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Shares of sugar companies fall by up to 75% due to a sharp fall in prices

Share price of Riga Sugar is down 74 per cent to Rs 10.2 since its peak of Rs 39.9 in April last year

Dilip Kumar Jha  |  Mumbai 


Shares of sugar have fallen by up to 75 per cent over the past year, due to a sharp fall in prices of the commodity in physical markets.

Mills have been making distress sales since the beginning of the current season in October 2017 to clear farmers' cane payment arrears. A minimum storage limit and lack of export initiatives have been other problems in coping with overproduction.

The share price of Riga Sugar is down 74 per cent to Rs 10.2 since its peak of Rs 39.9 in April last year. Simbhaoli Sugar, Mawana Sugars and Dwarikesh Sugar have lost 66.8 per cent, 65 per cent and 64.6 per cent since their respective peaks last year. Industry leader Bajaj Hindusthan posted a 46.5 per cent decline in its share price as of Monday, at Rs 10.08e. Shree Renuka Sugars has lost 31.2 per cent in stock value to Rs 15.4.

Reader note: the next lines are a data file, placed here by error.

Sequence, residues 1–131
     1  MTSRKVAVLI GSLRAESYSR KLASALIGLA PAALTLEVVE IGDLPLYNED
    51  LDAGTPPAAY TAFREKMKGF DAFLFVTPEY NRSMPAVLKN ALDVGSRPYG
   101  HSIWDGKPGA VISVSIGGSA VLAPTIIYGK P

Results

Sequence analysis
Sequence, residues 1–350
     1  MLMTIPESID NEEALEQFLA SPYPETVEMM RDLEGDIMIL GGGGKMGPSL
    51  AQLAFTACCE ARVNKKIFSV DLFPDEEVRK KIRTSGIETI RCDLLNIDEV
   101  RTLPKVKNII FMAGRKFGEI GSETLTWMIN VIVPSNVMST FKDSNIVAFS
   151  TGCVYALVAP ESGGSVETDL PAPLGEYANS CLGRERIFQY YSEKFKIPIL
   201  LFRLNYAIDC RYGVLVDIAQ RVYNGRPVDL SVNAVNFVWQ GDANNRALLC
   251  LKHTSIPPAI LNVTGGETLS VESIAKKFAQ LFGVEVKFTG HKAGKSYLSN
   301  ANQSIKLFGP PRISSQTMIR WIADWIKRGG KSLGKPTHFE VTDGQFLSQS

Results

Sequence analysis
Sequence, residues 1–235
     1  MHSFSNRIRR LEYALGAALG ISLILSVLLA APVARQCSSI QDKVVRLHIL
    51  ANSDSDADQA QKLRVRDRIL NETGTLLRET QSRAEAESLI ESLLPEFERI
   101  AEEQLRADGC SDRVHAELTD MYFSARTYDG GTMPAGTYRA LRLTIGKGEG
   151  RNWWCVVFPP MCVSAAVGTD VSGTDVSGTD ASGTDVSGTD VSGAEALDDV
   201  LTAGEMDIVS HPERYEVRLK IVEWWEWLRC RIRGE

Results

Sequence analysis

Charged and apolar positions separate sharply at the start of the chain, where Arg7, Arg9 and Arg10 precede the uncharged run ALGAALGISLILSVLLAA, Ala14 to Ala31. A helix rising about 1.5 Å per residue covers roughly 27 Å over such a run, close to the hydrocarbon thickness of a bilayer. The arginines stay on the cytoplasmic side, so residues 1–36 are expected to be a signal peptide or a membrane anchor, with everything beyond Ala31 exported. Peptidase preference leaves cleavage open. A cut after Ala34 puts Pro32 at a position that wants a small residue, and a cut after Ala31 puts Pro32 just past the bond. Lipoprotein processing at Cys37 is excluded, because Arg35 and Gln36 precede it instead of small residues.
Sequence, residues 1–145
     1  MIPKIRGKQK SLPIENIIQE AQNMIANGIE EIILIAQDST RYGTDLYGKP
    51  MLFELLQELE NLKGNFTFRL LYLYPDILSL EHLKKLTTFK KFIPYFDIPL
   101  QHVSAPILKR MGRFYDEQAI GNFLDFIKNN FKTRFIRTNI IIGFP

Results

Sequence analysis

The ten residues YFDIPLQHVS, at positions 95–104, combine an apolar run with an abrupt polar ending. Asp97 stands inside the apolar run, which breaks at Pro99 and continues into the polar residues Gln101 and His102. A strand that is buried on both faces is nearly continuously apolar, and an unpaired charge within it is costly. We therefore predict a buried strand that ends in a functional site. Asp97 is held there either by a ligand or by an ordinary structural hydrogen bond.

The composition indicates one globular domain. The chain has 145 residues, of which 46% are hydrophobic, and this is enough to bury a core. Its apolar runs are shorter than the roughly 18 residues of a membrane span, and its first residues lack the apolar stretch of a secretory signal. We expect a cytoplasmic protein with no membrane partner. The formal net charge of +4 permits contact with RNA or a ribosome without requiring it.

Record in Maharashtra and north Karnataka have boosted output estimates for sugar and depressed prices. "Sugar output is expected to remain surplus even in the next season. The government needs to allow export of 1.5 million tonnes of white sugar for the current season and over four mt of raw sugar for the next one," said Abinash Verma, director-general, Indian Sugar Mills Association.

The industry body's estimate of India output was 25.1 million tonnes of sugar at the start of the crushing season, revised to 26.1 mt in February and to 29.5 mt this month. In 2016-17, the country's sugar production was 20.3 mt. Estimated domestic consumption is about 25 mt. There is also four mt of carryover stock from the previous season.


"This means five mt of surplus sugar is expected (at the start of) next year as well. This needs to be reduced by all means for survival of the industry and smooth payment to cane farmers," said an industry veteran.

One immediate result of the hike in output estimates and liquidation of stocks, especially by several cash-strapped mills with limited access to working capital, to meet cane payments, has meant a slide in prices. From Rs 3,700-3,750 a quintal in October 2017 to Rs 3,400 in December and further to Rs 3,150 a qtl in February 2018. At the wholesale market in Navi Mumbai, the M-sugar variety was Rs 3,300 a qtl on Monday, compared to Rs 4,076 a qtl at the beginning of April 2017. And, cane payment arrears had risen to Rs 14,000 crore by end-January.



First Published: Tue, March 13 2018. 00:05 IST